Thursday’s meeting between B.C. Timber Sales and the Electoral Area Advisory Committee was a good, first step.
After all, this was likely the first time the provincial agency responsible for auctioning off Crown land for logging had appeared before the five elected representatives for the rural communities.
“We work best when we are communicating effectively with stakeholders,” said Colin Johnston, BCTS woodlands supervisor.
But while that may be the agency’s goal, it’s obvious local politicians aren’t convinced.
Hank Cameron, Cherryville director, got into a back-and-forth with Johnston over logging on Cherry Ridge and what Cameron believes is the lack of access to technical documents regarding previous slides.
“We’ve had to hire our own hydrologist because we don’t accept what you have (presented),” said Cameron.
There’s no question BCTS has hired professionals to review the slides and the impact of future logging. But the perception in Cherryville is not all information is being gathered or made public. BCTS has to deal with that perception.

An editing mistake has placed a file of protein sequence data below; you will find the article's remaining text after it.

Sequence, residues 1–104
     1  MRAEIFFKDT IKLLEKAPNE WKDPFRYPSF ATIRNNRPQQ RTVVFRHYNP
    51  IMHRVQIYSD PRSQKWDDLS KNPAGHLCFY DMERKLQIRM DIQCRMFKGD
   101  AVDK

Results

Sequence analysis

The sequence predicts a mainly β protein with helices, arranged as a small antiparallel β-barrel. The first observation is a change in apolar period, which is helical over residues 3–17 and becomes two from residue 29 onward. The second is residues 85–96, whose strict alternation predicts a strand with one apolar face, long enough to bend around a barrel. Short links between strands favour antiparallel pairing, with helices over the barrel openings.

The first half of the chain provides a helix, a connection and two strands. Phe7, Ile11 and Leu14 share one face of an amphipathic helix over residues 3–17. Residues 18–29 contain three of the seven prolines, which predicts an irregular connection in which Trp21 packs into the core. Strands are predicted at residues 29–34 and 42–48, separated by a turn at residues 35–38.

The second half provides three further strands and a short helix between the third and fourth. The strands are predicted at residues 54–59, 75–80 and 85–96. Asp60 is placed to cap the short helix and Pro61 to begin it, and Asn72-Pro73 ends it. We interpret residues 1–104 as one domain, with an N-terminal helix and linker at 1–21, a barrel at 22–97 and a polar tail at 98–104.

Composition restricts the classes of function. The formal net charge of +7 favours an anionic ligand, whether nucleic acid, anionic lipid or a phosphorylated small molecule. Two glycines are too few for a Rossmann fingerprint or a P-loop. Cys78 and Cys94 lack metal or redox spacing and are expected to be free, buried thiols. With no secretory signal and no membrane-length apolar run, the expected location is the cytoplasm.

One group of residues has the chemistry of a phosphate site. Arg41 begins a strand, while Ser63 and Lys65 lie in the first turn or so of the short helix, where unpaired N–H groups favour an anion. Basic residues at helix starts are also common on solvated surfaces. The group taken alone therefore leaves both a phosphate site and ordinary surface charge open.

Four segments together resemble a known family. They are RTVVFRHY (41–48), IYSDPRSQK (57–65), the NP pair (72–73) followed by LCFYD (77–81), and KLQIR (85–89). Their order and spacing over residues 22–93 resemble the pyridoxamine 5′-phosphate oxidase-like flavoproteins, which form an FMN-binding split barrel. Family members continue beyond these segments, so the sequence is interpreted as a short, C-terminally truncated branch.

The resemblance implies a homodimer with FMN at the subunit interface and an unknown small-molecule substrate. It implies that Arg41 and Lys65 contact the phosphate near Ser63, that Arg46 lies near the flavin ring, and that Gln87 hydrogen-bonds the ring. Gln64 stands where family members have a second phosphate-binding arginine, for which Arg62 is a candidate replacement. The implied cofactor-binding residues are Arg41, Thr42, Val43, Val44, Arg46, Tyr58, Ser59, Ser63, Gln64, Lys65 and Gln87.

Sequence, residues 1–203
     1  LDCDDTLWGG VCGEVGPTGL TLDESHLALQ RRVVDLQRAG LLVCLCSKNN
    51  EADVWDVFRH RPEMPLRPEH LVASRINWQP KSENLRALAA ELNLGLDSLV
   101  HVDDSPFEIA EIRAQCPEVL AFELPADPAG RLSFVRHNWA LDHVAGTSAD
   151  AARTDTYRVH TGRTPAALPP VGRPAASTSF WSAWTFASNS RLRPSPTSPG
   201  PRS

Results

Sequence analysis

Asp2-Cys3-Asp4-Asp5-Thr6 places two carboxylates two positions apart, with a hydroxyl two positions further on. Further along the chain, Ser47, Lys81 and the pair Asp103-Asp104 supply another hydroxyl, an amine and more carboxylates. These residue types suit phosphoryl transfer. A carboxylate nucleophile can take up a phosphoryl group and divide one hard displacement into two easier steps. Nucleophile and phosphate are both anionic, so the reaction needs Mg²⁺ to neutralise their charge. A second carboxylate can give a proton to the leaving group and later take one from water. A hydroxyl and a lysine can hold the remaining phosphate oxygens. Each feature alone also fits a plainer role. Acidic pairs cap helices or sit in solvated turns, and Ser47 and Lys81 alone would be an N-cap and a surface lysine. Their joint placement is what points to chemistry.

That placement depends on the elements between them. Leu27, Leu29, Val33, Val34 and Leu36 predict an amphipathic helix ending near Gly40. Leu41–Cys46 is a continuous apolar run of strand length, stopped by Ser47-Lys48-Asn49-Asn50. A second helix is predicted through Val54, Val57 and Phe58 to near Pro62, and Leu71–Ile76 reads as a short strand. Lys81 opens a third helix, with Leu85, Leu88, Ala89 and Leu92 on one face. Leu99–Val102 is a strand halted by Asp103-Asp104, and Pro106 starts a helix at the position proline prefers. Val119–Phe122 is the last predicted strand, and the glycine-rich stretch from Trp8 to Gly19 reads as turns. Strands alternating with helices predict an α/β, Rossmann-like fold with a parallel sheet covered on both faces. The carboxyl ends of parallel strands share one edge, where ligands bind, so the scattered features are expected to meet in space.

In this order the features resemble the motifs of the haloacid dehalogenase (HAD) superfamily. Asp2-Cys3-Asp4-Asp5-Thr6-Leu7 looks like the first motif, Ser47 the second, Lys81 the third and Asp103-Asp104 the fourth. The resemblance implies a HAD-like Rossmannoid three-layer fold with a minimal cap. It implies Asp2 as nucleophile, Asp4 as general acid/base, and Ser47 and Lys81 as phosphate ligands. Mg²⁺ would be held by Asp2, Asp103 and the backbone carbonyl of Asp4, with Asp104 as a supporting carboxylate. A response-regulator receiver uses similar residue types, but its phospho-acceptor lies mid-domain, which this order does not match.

It was also pointed out to BCTS that its consultation process for auctioning off timber blocks ignores electoral areas.
Most recently, the City of Vernon was asked for advice on logging in the BX and Cosens Bay, well outside of its boundary, but the relevant electoral area directors, weren’t advised. That left those rural communities in the dark and unable to provide input in a timely fashion.
As was previously mentioned, Thursday’s meeting was positive, but BCTS has to do more to be transparent and open to the public it serves.